Succulents are probably the easiest plants to grow. However, like most of the plants, they have their problems too. Succulents come in all shapes, colors, and sizes, but they share a propensity to develop fungal infections when moved out of their natural habitats. The main reason for this is the change in conditions- succulents are mostly used to a dry climate. Too much moist is something they need to learn how to handle.
Like succulents, there are many types of fungi. Surface fungi are easy to notice and to treat, but there are various types of fungi that can cause internal rots and pose much more difficult problems. Some fungal attacks are extremely difficult to stop.
This type of fungal infection is also called Black Mold. It’s also among the least damaging fungi on succulents. This infection is caused by the presence of mealybugs, aphids, whiteflies, and scale. These insects exude a sweet substance called honeydew that the Sooty Mold feeds upon. Therefore, in order to eliminate Sooty Mold, you need to make sure your succulent is free from the insect infection. You can do that by spraying the plant with a hose. This fungi infection isn’t directly damaging to succulents, though it can make photosynthesis difficult if colonies are large.
Also known as Botrytis cinerea, this infection is easy to identify. Grey Mold form grayish brown spore masses on the surface of succulent leaves and flowers. Grey mold is most likely to spread when the weather is cool and wet in early spring or summer. It almost always chooses old, damaged or dying plant tissues and it spreads pretty quickly. To cure Grey Mold, you can use fungicides in the early stages, but this won’t be efficient if the infection is serious. In that case, you’ll need to cut out the affected areas of the succulent and to burn off the damaged tissue. You should also avoid watering your succulent from the top, as that will allow them to dry between watering and you shouldn’t leave stubs when taking cuttings.
When it comes to fungi that cause leaf and stem spots, succulents have a wide tolerance. These fungi are mostly harmless, but they can ruin your arrangments by disfiguring succulents pretty severely. If you notice some shallow tan lesions on susceptible plants or permanent stippling or spotting, you shouldn’t use a fungicide. You can replace a plant with a resistant one or simply tolerate these spots. If your succulent is heavily infected, it may spread these fungi to other plants. However, this infection can do very little damage, despite its appearance.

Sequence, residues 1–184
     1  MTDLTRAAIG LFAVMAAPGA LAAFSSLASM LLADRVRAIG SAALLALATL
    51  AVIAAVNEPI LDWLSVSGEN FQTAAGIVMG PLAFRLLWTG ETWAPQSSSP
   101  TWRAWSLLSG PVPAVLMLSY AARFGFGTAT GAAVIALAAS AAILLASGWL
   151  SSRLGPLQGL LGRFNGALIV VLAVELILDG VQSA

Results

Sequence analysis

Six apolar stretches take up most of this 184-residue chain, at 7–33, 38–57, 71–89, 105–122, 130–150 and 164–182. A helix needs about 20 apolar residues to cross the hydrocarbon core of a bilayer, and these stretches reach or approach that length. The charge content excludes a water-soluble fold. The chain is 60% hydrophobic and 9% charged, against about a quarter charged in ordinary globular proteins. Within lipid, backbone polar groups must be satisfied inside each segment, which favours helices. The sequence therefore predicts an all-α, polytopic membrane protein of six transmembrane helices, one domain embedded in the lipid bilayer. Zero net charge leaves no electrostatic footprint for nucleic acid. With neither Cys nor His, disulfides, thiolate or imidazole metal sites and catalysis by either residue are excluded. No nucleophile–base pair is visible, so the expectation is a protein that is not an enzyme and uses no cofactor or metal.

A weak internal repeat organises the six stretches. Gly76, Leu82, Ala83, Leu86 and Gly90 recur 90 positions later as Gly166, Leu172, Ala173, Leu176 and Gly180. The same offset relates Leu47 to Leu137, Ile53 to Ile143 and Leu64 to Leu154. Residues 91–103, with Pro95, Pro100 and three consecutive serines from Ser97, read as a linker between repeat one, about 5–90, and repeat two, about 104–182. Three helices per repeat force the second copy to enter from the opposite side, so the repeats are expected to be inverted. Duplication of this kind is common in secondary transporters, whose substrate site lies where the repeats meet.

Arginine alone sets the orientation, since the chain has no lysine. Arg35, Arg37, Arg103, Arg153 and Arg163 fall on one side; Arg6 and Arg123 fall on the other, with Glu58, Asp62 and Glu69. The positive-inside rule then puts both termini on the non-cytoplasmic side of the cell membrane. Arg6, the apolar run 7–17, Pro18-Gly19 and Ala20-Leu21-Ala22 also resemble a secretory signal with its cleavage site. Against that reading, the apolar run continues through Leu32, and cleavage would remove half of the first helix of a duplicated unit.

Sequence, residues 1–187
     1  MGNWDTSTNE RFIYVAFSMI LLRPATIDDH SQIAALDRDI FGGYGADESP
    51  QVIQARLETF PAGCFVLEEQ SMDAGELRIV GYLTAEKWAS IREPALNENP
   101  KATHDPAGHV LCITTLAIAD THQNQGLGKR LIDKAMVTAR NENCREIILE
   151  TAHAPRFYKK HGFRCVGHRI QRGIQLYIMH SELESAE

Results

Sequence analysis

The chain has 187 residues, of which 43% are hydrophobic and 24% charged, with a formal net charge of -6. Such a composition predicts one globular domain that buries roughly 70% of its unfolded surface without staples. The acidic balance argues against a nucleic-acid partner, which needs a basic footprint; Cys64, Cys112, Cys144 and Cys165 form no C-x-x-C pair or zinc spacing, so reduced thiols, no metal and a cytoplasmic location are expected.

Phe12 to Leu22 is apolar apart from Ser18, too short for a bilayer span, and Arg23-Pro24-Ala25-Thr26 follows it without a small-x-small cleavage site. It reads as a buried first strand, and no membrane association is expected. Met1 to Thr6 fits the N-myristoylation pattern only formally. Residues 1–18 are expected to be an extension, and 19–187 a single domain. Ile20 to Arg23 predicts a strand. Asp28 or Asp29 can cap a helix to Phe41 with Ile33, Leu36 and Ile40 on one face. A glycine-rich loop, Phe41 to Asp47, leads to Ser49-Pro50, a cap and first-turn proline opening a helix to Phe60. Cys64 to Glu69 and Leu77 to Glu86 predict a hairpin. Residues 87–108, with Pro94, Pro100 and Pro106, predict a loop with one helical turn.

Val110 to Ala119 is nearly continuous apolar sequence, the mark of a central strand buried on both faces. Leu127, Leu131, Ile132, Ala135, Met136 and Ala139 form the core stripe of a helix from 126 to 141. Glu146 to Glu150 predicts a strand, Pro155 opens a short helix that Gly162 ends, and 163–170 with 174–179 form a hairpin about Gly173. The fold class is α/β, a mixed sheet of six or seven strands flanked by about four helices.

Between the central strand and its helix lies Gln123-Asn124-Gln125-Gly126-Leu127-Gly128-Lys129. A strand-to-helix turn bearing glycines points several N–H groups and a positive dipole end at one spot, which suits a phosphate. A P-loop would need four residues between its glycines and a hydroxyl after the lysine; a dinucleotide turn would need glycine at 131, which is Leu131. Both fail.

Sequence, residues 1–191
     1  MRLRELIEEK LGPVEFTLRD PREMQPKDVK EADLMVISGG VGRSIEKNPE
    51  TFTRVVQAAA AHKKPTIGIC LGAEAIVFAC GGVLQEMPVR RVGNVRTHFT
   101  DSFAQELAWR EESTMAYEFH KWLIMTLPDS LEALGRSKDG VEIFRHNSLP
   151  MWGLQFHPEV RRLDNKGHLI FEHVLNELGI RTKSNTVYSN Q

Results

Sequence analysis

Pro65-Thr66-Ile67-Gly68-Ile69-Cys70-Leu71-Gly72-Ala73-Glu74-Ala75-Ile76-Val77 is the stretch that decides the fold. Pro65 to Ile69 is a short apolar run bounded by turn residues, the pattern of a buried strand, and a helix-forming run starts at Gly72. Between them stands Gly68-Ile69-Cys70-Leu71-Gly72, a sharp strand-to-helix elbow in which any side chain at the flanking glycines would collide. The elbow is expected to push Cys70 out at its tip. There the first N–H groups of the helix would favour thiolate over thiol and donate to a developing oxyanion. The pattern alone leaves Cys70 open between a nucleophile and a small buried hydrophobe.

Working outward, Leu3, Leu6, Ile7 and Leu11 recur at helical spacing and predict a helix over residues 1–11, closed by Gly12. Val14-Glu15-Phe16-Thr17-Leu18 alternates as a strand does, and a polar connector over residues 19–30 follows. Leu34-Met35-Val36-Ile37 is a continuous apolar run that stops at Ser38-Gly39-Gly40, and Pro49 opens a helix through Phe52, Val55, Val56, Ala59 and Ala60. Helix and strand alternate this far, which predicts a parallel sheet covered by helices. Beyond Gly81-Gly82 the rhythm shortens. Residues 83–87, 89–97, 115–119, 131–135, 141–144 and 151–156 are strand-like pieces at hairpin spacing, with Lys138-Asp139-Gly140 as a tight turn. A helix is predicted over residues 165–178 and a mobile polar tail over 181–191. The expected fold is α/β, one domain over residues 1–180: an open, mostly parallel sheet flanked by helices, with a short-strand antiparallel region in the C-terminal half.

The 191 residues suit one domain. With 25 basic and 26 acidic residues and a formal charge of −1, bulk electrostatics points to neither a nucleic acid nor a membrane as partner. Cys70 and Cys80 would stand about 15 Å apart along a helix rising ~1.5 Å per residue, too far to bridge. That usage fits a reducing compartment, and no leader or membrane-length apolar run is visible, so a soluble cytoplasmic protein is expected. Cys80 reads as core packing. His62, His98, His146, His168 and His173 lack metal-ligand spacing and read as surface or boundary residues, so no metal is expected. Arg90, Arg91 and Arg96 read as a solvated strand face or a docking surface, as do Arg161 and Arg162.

This infection is caused by the pathogen called Fusarium oxysporum. Fusarium Wilt prevents succulent from taking up water. This causes heavy stress, wilting, yellowing and ultimately death. This fungus enters the plant through the roots and reproduces in the vascular tissues. This way tissues get blocked and succulent can’t absorb enough water. If you cut the leaf of the infected plant, you will see brown streaks. In order to prevent Fusarium Wilt, you should make sure your tools are properly sanitized when working with potted plants. If you have a problem with a landscape succulent, enough water and feeding should help a plant survive until it grows new and healthy tissue. You should water it sparingly to discourage future fungal growth.
Anthracnose is caused by fungi in the genus Colletotrichum. This infection affects a wide range of cacti and succulents. Sign of Anthracnose is moist tan colored rot with red, orange or pink pustules on the surface. Spots expend pretty quickly on leaves and crowns. When your succulent is infected with this fungi, you can only remove and destruct affected leaves. This infection spreads through contaminated pots and soil, so you should avoid reusing the soil and make sure that your tools are perfectly clean. You should also use a copper fungicide to destroy any fungal bodies left.
Root and Crown Rots
Many cases of root and crown rots are caused by the fungal pathogens of genus Phytophthora. It’s very difficult to differentiate these diseases from the other fungal diseases in the early stages since their symptoms are not so specific. Affected plants become stressed, wilt, change colors and eventually die from a slow rot that develops upward from the soil level. Unfortunately, root and crown rots don’t respond well to treatment, but you can prevent them by planting succulents in well-draining soils and being careful not to overwater your plants.